Category Archives: Bayh-Dole

Exceptional Circumstances in Bayh-Dole, 9

We are working through the idea of exceptional circumstances in Bayh-Dole. There’s a problem here that lies at the root of the federal policy. Bayh-Dole states an arbitrary default–if a federal contractor acquires a patentable invention made in a project … Continue reading

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Exceptional Circumstances in Bayh-Dole, 8

We  have looked at the NIH’s views on exceptional circumstances. We started with Dr. Thomas’s 2008 talk, with a discussion about how his talk fundamentally misrepresented Bayh-Dole. We then checked out the PHS Technology Transfer Manual’s statements of policy and … Continue reading

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Exceptional Circumstances in Bayh-Dole, 7

The 2013 version of the PHS Technology Transfer Manual 607.1 on exceptional circumstances lists a set of questions that ought to be considered by those in an NIH institute or center (IC) in preparing a determination of exceptional circumstances. These … Continue reading

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Exceptional Circumstances in Bayh-Dole, 6

You may think it’s mean of me to pick on Dr. Thomas for a talk that’s a decade old, and presented before the Stanford v Roche case was decided. If so, then you might want to consider the Public Health … Continue reading

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Exceptional Circumstances in Bayh-Dole, 5

Despite the recognition that there are all sorts of federal research programs primarily directed at nonprofit-hosted research that would benefit from a determination that Bayh-Dole’s default provisions do not do a good job of promoting Bayh-Dole’s stated policy and objectives, … Continue reading

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Exceptional Circumstances in Bayh-Dole, 4

In more plain language, even with regard to outcomes, Bayh-Dole is crappy public policy. At best, Bayh-Dole has enabled a betting parlor managed by nonprofits for the future value of patent rights, especially those patents directed at controlling the “market” … Continue reading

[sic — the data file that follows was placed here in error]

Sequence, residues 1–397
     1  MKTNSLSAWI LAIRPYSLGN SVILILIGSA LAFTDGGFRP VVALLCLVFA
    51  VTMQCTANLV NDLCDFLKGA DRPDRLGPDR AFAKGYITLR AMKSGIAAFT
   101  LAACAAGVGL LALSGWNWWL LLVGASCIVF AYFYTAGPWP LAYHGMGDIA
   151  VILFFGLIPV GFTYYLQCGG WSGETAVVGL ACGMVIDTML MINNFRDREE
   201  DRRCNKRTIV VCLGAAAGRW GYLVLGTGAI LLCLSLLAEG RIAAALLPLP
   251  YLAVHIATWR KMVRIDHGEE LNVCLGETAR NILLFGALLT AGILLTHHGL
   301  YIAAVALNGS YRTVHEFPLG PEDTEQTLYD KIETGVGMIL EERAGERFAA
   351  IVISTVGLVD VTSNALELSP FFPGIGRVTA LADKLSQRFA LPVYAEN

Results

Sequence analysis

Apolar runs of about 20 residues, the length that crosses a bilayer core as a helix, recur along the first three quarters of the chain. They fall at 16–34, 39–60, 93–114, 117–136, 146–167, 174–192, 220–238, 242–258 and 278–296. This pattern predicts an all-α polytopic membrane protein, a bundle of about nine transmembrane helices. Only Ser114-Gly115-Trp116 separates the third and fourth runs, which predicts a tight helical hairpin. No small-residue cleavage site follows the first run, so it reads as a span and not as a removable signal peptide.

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Exceptional Circumstances in Bayh-Dole, 3

“Exceptional” circumstances are not stated by Bayh-Dole to be rare or unusual ones–they could be common. Exceptional circumstances are those circumstances in which Bayh-Dole’s arbitrary default at 35 USC 202(a) is not the best thing for promoting the policy and … Continue reading

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Exceptional Circumstances in Bayh-Dole, 2

Here’s the slide from Dr. Thomas that starts our descent into darkness. Part of the slide contents is accurate. Part is slipped. Let’s take up the slipped. First, Bayh-Dole does not say the federal government “retains patent rights” when the … Continue reading

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Exceptional Circumstances in Bayh-Dole, 1

In 2008, Dr. Jeffrey W. Thomas, then a senior advisor to the Technology Transfer Center at the National Cancer Institute, gave a talk on Bayh-Dole’s exceptional circumstances. The slide deck is still up at a federal laboratory consortium web site. … Continue reading

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AAU, APLU, and others aim to “bolster” federal technology transfer, 7

Frankly, I am weary of working through the HEAs’ nonsense advice to NIST. I expect you are too. Bullshit is so much more difficult to pin down than carefully reasoned discussion. It’s worth respecting carefully reasoned discussion, even if one … Continue reading

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